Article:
This laboured metaphor for the end of the year is fitting as this time of year is awash with Best Of lists, retrospective summaries, highlight reels and statistics. The interim period of December 1 until Christmas Eve is like looking at the roll of toilet paper on the holder and wondering how much is left and how long it will last, and if you’ll get through.
We mark our seasons and cycles in different ways. I am not one to successfully mark transitions and the ascension of seasons and new beginnings. I try to. I set out projects and works I’d like to complete but I am useless at developing plans and goals. Creating positive habits is hard.
I do know what I have, and have not, achieved this year. In the wash up of this year I can point to many reasons why I have not succeeded, some personal, some professional, some within my control and some out of my control. And all of these have had their impact in my growth as a writer and a creative.
These make me feel quite chuffed and are impetus for future growth next year. I have ideas, thoughts, hastily scribbled plans, fluid deadlines that need to be made fixed, unfinished projects to either abandon or complete.
And yet, there is fear.
Fear I can’t finish the projects I want to. Fear of what will happen outside of my control that can derail my progress. Fear of being average and beige and wasting my time. Fear is the largest obstacle I need to overcome.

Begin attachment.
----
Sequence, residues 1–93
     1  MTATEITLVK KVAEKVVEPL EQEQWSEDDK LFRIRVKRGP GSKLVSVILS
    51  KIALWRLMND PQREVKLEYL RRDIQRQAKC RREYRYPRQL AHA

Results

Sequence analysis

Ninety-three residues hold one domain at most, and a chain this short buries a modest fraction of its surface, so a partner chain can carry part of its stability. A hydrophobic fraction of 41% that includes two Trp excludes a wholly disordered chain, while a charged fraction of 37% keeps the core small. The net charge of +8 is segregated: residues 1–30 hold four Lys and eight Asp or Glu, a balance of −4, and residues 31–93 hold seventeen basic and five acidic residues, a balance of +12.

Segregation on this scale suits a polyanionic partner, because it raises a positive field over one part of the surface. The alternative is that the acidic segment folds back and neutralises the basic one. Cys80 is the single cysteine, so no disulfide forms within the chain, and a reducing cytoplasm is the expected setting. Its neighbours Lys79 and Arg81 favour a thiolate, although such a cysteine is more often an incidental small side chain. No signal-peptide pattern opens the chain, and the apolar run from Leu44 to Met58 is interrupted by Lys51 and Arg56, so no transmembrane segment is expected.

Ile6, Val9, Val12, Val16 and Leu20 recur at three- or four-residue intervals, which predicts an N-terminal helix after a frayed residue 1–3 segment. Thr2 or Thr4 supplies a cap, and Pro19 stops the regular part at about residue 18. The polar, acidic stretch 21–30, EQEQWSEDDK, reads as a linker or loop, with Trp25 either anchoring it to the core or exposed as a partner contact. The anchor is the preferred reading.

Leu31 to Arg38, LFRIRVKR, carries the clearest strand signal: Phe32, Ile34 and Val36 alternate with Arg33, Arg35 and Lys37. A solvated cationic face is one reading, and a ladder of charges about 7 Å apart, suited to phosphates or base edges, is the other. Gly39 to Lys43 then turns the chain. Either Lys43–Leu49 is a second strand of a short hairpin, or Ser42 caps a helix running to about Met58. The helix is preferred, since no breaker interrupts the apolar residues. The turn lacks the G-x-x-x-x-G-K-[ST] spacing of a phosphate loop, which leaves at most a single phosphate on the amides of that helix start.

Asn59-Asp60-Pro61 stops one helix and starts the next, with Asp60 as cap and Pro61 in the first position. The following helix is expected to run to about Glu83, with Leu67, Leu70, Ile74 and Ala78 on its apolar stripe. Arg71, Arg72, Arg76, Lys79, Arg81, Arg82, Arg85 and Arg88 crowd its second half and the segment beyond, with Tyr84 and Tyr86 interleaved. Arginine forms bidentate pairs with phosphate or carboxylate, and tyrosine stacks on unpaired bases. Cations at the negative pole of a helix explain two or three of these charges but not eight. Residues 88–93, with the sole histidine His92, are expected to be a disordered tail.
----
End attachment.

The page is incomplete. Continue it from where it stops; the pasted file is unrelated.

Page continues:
Creativity is a discipline: spiritual, emotional, mental, physical. You train yourself like an athlete or musician to overcome fear. And when one cycle ends, you think about the incremental progress you have made, and how you have changed, developed, adapted, improved throughout the cycle.
So, what do you do when you get to the end of the toilet roll? You dispose of the waste, put a new roll on, and start anew.
Ira Glass discusses the gap between where we are with our creativity, and where we’d like to be.
And this is where I am at.
I have a vision of the type of writer I want to be and I am trying to make it a reality.